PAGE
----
"Be patient—all in good time. Very likely she is this minute laying an egg on the abdomen of the spider. After a while, when the cell is full of spiders, and all nicely sealed up, the egg will hatch. No sooner will the little grub have hatched out of the egg—we call it a larva, you know—than it will begin to eat spider. How it will eat and how it will grow! When it has finished on spider, legs and all, it will start on another and eat that, legs and all, and so on until it has eaten every spider in the nest. You see, there is nothing for it to do in its safe little cave but to eat and sleep."
"And grow," added Theodore.
"Yes, and grow," assented Uncle Will.
"When everything is eaten up, what then?" Theodore wanted to know.
"Well, then it takes a long and happy sleep during which it becomes a 'pupa', which you know means 'doll'."
"Precisely so," said Uncle Will; "and just before it goes to sleep it spins a thin silken blanket all about itself."
"Where does it get the silk, Uncle Will? Is it in its mouth, as it is in the mouth of the baby bees?"
"Yes, just the same. The young wasp larva moves its head back and forth, attaching the liquid silk—which you remember dries quickly as soon as the air touches it—to one spot and another and drawing it out into fine, glistening threads. Thus it spins and weaves and spins and weaves until the neat soft covering quite surrounds its little body. Then it goes to sleep and remains as snug as you please while the change takes place within its body that transforms it from a larva to a pupa, and from a pupa to a perfect wasp. Then—you know what happens then."
"Yes, I suppose it comes out of its pupa shell just like the young bee; but do, please, go on and tell it," begged Theodore, and Uncle Will went on.
"When the pupa has turned into a wasp it stretches and
struggles until it has drawn itself quite free from the
delicate pupa shell, then it gnaws at the outer end of its
clay nest with its strong little jaws until it has made a
hole large enough to crawl out of, just opens the door, you
see, and sallies
forth. What went in as a little white egg
comes out as a
"How long does it take, Uncle Will?"
"Only a short time for these that are started in the spring. But the nests made in the autumn keep their tenants through the winter. The young wasp remains in the pupa state until the flowers open in the spring, and the insects that supply it come forth."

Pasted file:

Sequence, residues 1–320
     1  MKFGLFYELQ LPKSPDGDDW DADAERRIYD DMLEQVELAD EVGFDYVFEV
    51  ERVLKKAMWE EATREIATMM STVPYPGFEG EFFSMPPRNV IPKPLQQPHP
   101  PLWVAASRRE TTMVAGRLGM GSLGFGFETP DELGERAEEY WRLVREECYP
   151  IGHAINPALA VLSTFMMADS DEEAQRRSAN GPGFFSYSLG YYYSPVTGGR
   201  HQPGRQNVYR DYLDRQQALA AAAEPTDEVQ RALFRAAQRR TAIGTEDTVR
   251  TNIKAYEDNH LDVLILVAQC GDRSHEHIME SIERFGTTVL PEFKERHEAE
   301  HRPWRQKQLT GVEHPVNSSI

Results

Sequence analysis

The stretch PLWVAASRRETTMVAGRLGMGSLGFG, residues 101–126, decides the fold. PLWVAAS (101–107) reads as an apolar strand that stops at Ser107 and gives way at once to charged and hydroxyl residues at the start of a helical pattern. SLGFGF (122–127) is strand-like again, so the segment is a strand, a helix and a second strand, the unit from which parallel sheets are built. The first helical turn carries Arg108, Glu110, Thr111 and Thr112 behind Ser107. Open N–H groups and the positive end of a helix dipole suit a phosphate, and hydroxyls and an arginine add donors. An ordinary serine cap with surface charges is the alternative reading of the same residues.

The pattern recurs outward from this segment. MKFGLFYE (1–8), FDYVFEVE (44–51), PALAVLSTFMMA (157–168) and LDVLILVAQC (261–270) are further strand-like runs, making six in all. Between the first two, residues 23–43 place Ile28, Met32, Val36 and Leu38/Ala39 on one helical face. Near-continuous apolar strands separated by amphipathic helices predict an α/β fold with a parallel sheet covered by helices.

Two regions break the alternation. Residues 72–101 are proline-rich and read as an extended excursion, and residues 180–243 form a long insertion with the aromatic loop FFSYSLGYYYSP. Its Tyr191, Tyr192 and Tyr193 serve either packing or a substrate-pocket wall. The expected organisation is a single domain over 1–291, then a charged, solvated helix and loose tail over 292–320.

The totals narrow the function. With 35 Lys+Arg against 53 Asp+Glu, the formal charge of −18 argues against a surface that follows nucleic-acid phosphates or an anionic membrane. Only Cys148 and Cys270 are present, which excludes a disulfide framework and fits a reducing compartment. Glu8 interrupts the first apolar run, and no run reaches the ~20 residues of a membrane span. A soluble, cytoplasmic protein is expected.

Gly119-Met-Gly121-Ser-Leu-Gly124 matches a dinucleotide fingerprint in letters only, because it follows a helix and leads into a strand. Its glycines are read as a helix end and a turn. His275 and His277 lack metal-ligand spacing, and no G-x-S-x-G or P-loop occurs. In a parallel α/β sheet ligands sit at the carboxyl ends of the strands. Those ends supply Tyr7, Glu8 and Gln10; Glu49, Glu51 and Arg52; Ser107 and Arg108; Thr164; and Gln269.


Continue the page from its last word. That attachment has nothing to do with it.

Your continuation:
"I should like to see the young wasp coming out into the world," said Theodore.
"Well, maybe you can," said Uncle Will, "and anyway, you can see it hunting; look there!" and he pointed to where Pelopaeus was flying up and down along the side of the walk where the bushes grew.
"Oh!" cried Theodore, "did you see that? Did you see her pounce on that spider and scramble round with it and snatch it out of its web? But when did she sting it?"
"I suppose in that scramble, when she first struck it; it all happened so quickly it was hard to see. I wish we had been closer."
"My! so do I!" cried Theodore.
"But anyway we are glad we saw the hunter capture her prey,"
said Uncle Will, "and we saw something more—we saw Madam
Spider standing in her doorway with her silvery silken
curtains drawn about her waiting for dinner. And then—what
was that? a whir of wings! Madam Spider started up, all
attention. Dinner was coming! But alas for little Madam
Spider with the golden girdle about her waist and her full
petticoat all embroidered with black and brown and yellow—alas
for her! The insect she hoped to have for dinner
was a strong and relentless huntress that sprang upon Madam
Spider before she could collect her wits enough to
escape,—yes, she sprang upon her and threw a poisoned dart into
her vitals, and snatched her away from her
"Uncle Will," said Theodore, rather soberly, "when you talk like that I don't know who to be sorry for. The wasp hunts the spider for her children's food, and first you feel glad for her, and then you feel sorry for the spider; and then the spider catches the fly so cleverly, and you feel glad and sorry again—and so it goes. Which of them ought we to feel glad over, Uncle Will?"
But Uncle Will only laughed and started towards the house, while Theodore trailed on behind.